For close to 50 years, they lived by the mud flats that made up the original southeastern edge of the Inner Harbour. But little remains of the homes they lived in, or the lives they led.

“It’s part of our history which is pretty well being ignored [and] overlooked,” Hanna told Capital Daily.

‘There’s no protection offered’

BC’s Heritage Conservation Act offers stringent guidelines for protecting historic sites throughout the province—but the remains of Kanaka Row fall into a muddy middle ground. While the province says archaeological sites “may date anywhere from recent times to 14,000+ years ago,” the act is clearest in its protections for sites dating back to 1846 and beyond. 

Under the act, a person cannot “damage, excavate, dig in or alter, or remove any heritage object from a site that contains artifacts, features, materials, or other physical evidence of human habitation or use” before 1846 without special permission. But no such language exists for more recent sites.

“Even if it’s a First Nations site, there's no protection offered,” Hanna says.

A longtime historian who has researched Kanaka history for more than 30 years, Hanna would like to see TELUS and Aryze Developments conduct a proper archaeological survey of the site. He argues the likelihood of finding remnants from Kanaka Row beneath the future Ocean building are high, given the makeup of the soil.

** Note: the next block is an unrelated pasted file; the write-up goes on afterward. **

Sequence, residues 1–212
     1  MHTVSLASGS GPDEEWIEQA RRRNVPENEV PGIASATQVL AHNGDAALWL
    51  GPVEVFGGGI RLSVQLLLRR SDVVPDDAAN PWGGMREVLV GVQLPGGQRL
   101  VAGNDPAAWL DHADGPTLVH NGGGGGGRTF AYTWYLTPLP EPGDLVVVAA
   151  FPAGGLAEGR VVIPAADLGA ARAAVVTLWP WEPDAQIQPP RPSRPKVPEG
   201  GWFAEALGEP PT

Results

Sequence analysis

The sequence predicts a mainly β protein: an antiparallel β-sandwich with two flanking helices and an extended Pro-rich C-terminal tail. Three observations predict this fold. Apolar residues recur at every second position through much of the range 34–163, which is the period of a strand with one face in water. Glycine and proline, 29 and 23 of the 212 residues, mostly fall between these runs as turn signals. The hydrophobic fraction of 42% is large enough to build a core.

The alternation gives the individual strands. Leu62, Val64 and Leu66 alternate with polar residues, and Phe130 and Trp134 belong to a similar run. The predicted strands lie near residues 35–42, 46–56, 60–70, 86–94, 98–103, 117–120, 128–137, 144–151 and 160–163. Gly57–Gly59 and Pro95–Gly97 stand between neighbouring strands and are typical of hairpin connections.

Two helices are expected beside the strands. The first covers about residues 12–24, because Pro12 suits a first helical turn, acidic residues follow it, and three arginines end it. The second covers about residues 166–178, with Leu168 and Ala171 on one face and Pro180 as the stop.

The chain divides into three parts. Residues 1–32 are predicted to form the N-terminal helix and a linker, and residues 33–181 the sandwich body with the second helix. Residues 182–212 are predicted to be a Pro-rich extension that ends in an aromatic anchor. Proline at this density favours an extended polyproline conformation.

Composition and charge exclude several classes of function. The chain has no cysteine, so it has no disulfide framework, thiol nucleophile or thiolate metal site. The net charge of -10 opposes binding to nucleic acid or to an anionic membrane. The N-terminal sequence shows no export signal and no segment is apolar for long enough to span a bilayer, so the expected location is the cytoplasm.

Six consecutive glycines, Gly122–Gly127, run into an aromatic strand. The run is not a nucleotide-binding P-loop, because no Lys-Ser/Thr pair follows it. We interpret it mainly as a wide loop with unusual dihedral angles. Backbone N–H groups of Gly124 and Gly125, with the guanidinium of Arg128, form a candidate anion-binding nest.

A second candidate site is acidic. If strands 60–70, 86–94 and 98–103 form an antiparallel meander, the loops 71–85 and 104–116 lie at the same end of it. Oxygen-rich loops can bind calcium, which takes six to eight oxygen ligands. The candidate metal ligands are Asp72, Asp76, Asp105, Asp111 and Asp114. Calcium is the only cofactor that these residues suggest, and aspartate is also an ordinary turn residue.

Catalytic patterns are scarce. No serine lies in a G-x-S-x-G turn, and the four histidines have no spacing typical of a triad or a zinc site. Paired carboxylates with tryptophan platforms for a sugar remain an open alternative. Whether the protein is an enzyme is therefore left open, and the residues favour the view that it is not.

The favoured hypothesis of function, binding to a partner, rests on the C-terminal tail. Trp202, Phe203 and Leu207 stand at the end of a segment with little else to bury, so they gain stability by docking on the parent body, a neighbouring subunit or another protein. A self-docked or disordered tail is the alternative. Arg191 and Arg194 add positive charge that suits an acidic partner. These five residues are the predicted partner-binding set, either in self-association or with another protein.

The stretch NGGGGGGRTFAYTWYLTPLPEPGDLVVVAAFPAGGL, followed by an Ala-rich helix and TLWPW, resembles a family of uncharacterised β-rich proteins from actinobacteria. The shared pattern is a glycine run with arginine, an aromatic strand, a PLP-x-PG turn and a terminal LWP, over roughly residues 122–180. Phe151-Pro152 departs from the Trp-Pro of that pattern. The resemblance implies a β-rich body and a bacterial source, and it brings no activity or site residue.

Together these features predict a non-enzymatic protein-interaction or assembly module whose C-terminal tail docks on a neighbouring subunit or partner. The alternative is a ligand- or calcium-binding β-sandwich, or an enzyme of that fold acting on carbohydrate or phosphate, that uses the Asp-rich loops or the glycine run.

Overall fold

“It’s basically mud. Anything that drops in… is going to be preserved very well,” Hanna says. “Who knows what artifacts are in [there]?”

In an emailed statement Tuesday afternoon, TELUS told Capital Daily its developers had yet to uncover any artifacts.

No announced plans for in-depth archaeological survey

To date, neither TELUS nor Aryze have announced any plans for a fulsome archaeological survey at Douglas and Humboldt. None of the speakers at the last public hearing for the TELUS Ocean building in Dec. 2021 brought forward any mention of an archaeological assessment either.

According to TELUS, the BC Archaeological Branch completed an assessment in 2019, at which point they determined the site had “low potential for archaeology findings.” But historian Kelly Black, an adjunct professor at Vancouver Island University, has doubts about the branch’s conclusions, given its stated focus on sites predating 1846.

“I would like to know if the assessment TELUS is referring to included post-1846 archaeology,” he wrote to Capital Daily.